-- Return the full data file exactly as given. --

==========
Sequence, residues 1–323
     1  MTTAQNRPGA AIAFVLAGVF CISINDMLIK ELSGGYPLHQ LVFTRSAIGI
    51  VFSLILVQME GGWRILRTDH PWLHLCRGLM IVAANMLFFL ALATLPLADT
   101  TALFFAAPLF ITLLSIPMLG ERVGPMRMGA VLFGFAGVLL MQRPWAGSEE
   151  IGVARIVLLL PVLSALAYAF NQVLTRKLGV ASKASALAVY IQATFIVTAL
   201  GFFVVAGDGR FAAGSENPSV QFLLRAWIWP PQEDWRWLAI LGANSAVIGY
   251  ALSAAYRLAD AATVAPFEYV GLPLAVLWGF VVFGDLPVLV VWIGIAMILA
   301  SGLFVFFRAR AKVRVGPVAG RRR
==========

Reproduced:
Sequence, residues 1–323
     1  MTTAQNRPGA AIAFVLAGVF CISINDMLIK ELSGGYPLHQ LVFTRSAIGI
    51  VFSLILVQME GGWRILRTDH PWLHLCRGLM IVAANMLFFL ALATLPLADT
   101  TALFFAAPLF ITLLSIPMLG ERVGPMRMGA VLFGFAGVLL MQRPWAGSEE
   151  IGVARIVLLL PVLSALAYAF NQVLTRKLGV ASKASALAVY IQATFIVTAL
   201  GFFVVAGDGR FAAGSENPSV QFLLRAWIWP PQEDWRWLAI LGANSAVIGY
   251  ALSAAYRLAD AATVAPFEYV GLPLAVLWGF VVFGDLPVLV VWIGIAMILA
   301  SGLFVFFRAR AKVRVGPVAG RRR